One last song I would like to ask about is called ďItís Not a Bad Little War.Ē I love the chorus on that one where youíre saying, ďIf fate should fail us hope will see us through/Stand for something because somethingís over due.Ē How did you come up with those lines?

I donít know. I just came up with it. Itís hard to explain where something comes from. I think theyíre pretty self-explanatory lines. The song is about music and being in my band, specifically. Itís a little more like a Bayside story. Honesty in music is so important to me and the music that I play. Stand for something, stand for anything, because I feel like thereís a real lack on anything. I guess I was trying to purposefully keep it anonymous. Stand for something because somethingís over due. Whatever it is that you stand for, have a purpose.

Youíve been talking about how bands are never content and how thereís always some next level you have to reach or maintain. With that said, what are your hopes and ambitions for Killing Time and the future of Bayside?

Weíve actually already accomplished a ton with the record because I think itís the best thing weíve done. So weíve already accomplished a lot just by making the record and writing those songs and we feel making the perfect Bayside record. I know itís hard what to expect from the cycle that comes after the record. I mean, I donít know. Itís not up to me, really. Weíre going to keep playing shows and writing songs. Like I said, I donít really allow myself the time to think about where we are right now, let alone where weíre going.
 
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11:21 AM on 02/28/11
#2
sammyboy516
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Great interview. I love the new album so much. It's my favorite of the year so far and I think it's becoming my favorite Bayside album.

Also, he has interesting thoughts on the whole Bieber/Bad Religion thing. I'm not sure that I agree with him but it was interesting. He seems like a super nice guy.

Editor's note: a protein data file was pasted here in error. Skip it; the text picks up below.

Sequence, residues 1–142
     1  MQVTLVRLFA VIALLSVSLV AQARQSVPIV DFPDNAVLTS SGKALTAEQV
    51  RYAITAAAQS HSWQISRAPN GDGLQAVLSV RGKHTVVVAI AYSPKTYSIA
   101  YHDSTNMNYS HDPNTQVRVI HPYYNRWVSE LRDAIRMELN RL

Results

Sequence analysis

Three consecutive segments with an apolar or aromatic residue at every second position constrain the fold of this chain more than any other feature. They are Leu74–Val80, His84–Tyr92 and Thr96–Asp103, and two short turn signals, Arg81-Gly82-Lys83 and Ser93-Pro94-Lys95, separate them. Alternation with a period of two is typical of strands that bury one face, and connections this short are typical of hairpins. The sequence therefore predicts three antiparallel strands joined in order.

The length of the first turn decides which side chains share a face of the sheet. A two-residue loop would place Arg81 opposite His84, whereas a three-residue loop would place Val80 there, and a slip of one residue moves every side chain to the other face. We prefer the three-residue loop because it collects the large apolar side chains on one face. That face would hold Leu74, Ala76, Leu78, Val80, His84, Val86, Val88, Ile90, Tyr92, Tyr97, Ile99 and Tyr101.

11:31 AM on 02/28/11
#3
Miketheunicycle
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nice interview, interesting
11:50 AM on 02/28/11
#4
derekjd
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Not sure if i agree with the pop music thing he said, but I can deffinently see where he's coming from. Really well done review, and I really enjoy the album.
12:10 PM on 02/28/11
#5
ReadyForAction
life in the greenhouse effect
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Not sure if i agree with the pop music thing he said, but I can deffinently see where he's coming from. Really well done review, and I really enjoy the album.
I agree. I'm not sure how you can decide what people should and shouldnt like. Especially since he already mentions listening to Miley Cyrus and punk music lol
12:19 PM on 02/28/11
#6
JJW319
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awesome awesome interview
12:45 PM on 02/28/11
#7
mms13
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I agree. I'm not sure how you can decide what people should and shouldnt like. Especially since he already mentions listening to Miley Cyrus and punk music lol
he actually makes a really great point if you think about it. He's saying he can like Miley Cyrus songs but he doesn't give a shit about her, he likes what the songwriter made. Pop artists don't make their own music 90% of the time, but that doesn't mean music isn't being created. If you enjoy a Bayside song, you like Bayside because they made that music. If you like a Justin Beiber song, you like whoever wrote that song for him.
12:55 PM on 02/28/11
#8
Momo32T
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Great interview. I was very curious about the process of making this record, because it seemed different given the amount of time spent and the credibility that Gil Norton brings to the table. As per usual, Anthony gave a lot of awesomely alternative perspectives on the music industry.
01:05 PM on 02/28/11
#9
harley7733